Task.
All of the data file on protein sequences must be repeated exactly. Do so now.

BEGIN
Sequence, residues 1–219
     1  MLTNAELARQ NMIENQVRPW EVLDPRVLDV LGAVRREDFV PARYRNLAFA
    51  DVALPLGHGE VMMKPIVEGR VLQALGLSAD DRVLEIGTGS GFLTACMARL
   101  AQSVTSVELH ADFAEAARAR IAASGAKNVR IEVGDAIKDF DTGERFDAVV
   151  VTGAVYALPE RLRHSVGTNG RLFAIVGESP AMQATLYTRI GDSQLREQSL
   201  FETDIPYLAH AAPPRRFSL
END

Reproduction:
Sequence, residues 1–219
     1  MLTNAELARQ NMIENQVRPW EVLDPRVLDV LGAVRREDFV PARYRNLAFA
    51  DVALPLGHGE VMMKPIVEGR VLQALGLSAD DRVLEIGTGS GFLTACMARL
   101  AQSVTSVELH ADFAEAARAR IAASGAKNVR IEVGDAIKDF DTGERFDAVV
   151  VTGAVYALPE RLRHSVGTNG RLFAIVGESP AMQATLYTRI GDSQLREQSL
   201  FETDIPYLAH AAPPRRFSL